Proposed bauxite mine clears major hurdle
NORTH Burnett is burnishing its reputation as a significant mining region with the announcement a planned bauxite mine at Binjour has cleared a key hurdle.
A memorandum of understanding has been signed between Australian Bauxite Limited and China's Tianshan Aluminium, meaning if the mine proceeds, it has a guaranteed customer for its bauxite.
At full production, the memorandum is for the delivery of more than 1 million tonnes of bauxite.
According to CEO Ian Levy, the mine would directly employ 55 people.
"We will only employ locally," he said.
He also described the possibility of a "boost" for the nearby town of Gayndah via indirect "multiplier" benefits.
Mr Levy said Tianshin was the "right customer".
"We needed to search the world for the support of a foundation customer, which involved 10 site visits," he said.
Tianshin is in the process of constructing a low-temperature refinery in southern China.
The bauxite at Binjour is chemically well-suited to this type of processing, melting at about 140 degrees.
By comparison, the bauxite at Weipa won't melt until about 250 degrees, Mr Levy said.
He said another key milestone for the mine, securing an agreement with the Port of Bundaberg, was "very well advanced".
"The relationship is excellent," he added.
Australian Bauxite Limited initially discovered the deposit in 2011-12.
By 2013, Mr Levy said, they had produced "one thousand drill holes" to determine where the most productive site for a potential mine would be.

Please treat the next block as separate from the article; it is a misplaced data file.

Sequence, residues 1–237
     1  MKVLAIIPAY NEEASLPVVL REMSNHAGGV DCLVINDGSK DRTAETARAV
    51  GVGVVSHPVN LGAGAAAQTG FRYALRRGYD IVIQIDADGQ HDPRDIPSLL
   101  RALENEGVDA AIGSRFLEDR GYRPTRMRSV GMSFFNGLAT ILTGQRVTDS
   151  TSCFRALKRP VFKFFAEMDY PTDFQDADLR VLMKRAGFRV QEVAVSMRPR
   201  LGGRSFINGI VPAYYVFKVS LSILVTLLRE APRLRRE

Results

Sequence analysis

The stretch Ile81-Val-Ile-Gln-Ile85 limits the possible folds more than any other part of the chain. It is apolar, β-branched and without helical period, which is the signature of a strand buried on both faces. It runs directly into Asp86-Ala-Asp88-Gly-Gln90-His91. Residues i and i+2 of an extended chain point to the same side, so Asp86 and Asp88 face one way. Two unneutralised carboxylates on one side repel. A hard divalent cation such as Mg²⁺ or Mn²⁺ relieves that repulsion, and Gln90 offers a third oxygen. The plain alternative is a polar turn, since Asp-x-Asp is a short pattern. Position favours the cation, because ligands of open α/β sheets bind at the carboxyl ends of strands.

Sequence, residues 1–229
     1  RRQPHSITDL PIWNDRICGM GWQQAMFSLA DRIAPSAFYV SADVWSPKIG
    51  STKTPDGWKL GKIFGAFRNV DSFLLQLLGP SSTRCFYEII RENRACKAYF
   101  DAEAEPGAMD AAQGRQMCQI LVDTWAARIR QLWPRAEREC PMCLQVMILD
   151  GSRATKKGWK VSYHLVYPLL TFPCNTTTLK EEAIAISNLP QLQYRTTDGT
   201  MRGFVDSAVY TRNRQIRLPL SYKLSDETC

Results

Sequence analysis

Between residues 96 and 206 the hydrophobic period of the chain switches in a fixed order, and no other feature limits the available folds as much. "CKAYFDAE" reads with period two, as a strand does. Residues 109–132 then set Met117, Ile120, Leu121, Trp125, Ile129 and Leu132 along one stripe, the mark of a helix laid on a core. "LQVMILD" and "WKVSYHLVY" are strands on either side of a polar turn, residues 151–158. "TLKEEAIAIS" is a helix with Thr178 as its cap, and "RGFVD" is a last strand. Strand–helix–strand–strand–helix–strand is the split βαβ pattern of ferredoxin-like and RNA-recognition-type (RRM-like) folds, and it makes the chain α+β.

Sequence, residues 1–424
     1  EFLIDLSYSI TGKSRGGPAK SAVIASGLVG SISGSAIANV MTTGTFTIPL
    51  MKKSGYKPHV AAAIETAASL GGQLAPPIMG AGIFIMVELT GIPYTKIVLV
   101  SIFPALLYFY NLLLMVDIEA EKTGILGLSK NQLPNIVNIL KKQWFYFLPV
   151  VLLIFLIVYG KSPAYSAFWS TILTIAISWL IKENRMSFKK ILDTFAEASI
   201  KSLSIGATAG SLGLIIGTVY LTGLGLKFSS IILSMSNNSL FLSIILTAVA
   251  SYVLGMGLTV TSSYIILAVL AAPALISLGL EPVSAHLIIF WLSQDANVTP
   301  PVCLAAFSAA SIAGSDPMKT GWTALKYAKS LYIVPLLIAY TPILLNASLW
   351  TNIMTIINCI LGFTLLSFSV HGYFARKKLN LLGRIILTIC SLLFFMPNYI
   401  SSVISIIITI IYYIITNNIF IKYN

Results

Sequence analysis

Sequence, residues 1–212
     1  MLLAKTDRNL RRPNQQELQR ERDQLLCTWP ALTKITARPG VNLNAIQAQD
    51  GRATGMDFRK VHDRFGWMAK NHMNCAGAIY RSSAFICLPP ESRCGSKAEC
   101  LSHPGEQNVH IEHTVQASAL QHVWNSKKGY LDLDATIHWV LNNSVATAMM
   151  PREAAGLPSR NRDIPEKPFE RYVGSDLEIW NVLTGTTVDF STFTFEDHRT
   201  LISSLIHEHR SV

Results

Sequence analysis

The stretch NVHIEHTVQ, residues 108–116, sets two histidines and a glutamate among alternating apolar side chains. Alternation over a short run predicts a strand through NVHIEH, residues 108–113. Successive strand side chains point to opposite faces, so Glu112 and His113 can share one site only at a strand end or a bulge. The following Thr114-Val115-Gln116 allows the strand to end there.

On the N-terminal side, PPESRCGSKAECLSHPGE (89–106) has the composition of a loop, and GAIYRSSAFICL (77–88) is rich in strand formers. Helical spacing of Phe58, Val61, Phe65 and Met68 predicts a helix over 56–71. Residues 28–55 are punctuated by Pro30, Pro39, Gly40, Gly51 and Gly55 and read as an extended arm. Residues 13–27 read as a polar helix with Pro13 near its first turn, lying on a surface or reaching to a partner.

Since then, they have been in negotiation with North Burnett and Bundaberg regional councils and the State Government to investigate "all possible transport options," as well as local landholders.
Has there been any resistance to his company's plans in Binjour?
"Not resistance, guidance," Mr Levy said.
The next step for the mine, after finalising terms with the Port of Bundaberg, is to drill a trial pit which, according to the the memorandum of understanding, would have a diameter of 162 metres.
This trial site would help inform such decisions as mining techniques and which equipment will be used, as well as giving indications of likely dust measurements and other environmental considerations.
Assuming the success of the trial mine, the company hopes to apply for a mining lease at the end of 2019.
Mr Levy said initial indications were that the mine could be a "20-year project."
He said there were "perhaps 30 moving parts" which needed to align when constructing a mine.
"Piece by piece the jigsaw has fallen into place," Mr Levy said.
North Burnett Regional Council has been contacted for comment.